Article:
Suppose you start at position 0. You then roll 2 6sided dice. You move to the integer, call it z, that is the sum of the two dice. You then roll again. If the result of the roll is z', you move to z+z'. You then continue in this fashion. I am looking for formulas (recursive or nonrecursive) for the probability of eventually landing on spot n (where n is a positive integer). For small n, n < 10 say, these probabilities are relatively easy to compute by just checking all cases. Note, as n grows, the functions will converge relatively quickly. So, for say n > 40, this may not be a very interesting question.

The probabilities do converge to 1/7. One way to see this is to start from Tony Huynh's comment: the probability that $n$ is hit is the coefficient of $t^n$ in $$f(t) = {1 \over (1(t+t^2+t^3+t^4+t^5+t^6)^2/36)}$$. The denominator is a polynomial of degree 12; its roots are $t = 1$ and eleven points $r_1, \ldots, r_{11}$ which are outside the unit circle. Thus we can write $$ f(t) = {A \over 1t} + \sum_{k=1}^{11} {C_k \over 1  t/r_k} $$ where $A$ and $C_1, C_2, \ldots, C_{11}$ are (complex) constants. This is just the usual partial fraction expansion of a rational function. Taking the $z^n$ coefficient of both sides of the above equation gives $$p(n) = A + \sum_{k=1}^{11} C_k r_k^{n}.$$ If we want to show that $\lim_{n \to \infty} p(n) = 1/7$, we just need to show that $A = 1/7$. This is easy: $A = \lim_{t \to 1} f(t) (1t)$. The denominator in $f(t)$ is divisible by $1t$, so do the polynomial division and substitute $t = 1$. I wouldn't call the closed form above a "nice" closed form for $p(n)$, though.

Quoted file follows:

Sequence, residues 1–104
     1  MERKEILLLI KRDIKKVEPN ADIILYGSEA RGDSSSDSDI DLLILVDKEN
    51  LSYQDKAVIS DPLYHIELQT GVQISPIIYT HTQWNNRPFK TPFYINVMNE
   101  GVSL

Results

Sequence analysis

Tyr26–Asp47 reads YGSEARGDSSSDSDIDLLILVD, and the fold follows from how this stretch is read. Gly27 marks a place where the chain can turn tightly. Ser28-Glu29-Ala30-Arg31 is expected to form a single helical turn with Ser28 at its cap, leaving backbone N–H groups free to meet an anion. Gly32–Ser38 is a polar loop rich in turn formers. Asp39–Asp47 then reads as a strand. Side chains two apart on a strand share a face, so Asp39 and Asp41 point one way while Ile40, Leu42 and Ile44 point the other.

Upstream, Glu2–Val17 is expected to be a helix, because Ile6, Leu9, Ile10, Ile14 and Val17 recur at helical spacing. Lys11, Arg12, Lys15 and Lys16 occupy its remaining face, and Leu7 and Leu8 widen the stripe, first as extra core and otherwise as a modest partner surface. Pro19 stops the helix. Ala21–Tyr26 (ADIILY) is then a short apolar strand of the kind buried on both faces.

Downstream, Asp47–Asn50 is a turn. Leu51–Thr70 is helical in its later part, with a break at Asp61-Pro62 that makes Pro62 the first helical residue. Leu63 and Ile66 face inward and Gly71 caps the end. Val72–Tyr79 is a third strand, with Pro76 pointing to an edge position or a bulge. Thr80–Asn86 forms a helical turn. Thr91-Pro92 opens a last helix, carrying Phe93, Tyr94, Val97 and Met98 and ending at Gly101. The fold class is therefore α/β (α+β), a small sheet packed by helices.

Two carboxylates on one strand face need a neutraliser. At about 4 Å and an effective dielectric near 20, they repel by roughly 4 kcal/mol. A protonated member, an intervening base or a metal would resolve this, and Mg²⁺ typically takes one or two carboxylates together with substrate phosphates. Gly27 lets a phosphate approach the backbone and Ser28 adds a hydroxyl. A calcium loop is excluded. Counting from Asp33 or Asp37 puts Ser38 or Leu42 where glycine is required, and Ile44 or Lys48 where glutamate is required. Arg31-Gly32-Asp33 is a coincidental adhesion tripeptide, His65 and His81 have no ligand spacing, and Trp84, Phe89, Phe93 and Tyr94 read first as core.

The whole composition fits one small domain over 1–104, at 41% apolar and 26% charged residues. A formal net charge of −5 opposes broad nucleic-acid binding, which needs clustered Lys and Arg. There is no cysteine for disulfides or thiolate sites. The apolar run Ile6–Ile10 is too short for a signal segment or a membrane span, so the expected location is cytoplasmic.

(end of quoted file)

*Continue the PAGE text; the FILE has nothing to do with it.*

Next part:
The probability of landing on the integer $n$ in $k$ steps is the coefficient of $t^n$ in $\left(\frac{t+t^2+t^3+t^4+t^5+t^6}{6}\right)^{2k}$. 


Let p(n) be the required probability. Then p(n) satisfies the following recursion p(n)=1/36 p(n12) + 2/26 p(n11) + 3/36 p(n10) + 4/36 p(n9) + 5/36 p(n8) + 6/36 p(n7) + 5/36 p(n6) + 4/36 p(n5) + 3/36 p(n4) + 2/36 p(n3) + 1/36 p(n2), with the obvious initial conditions. 


You can also solve this linear recurrence using a Markovlike method. Working from Tony Huynh's recurrence, define a 13x13 matrix $M$ such that: $ M_{0,k} = p(k) $, where $p(k)$ is the probability of rolling the sum $k$ on the two die, $ M_{k+1, k} = 1$, for $k > 0$, and $M_{i,j} = 0$ otherwise. Then the first component of applying $M^n$ to the input vector $(1, 0, 0, .... 0)$ should give the probability of landing on the $n^{th}$ square (indexed by 0). Since $M$ is finite dimensional, we can compute a closed form by taking eigenvalues (but it will be messy and highly limited by the accuracy of the eigenvalue computation). Another computational approach to this would be to use fast matrix multiplication to quickly compute $P(n)$ in $O(\log(n))$ multiply operations. 


Let P(k) = probability of eventually landing on k ... there is an easy to compute recursive formula for P(k) in terms of P(k2), P(k3), ..., P(k12) , right?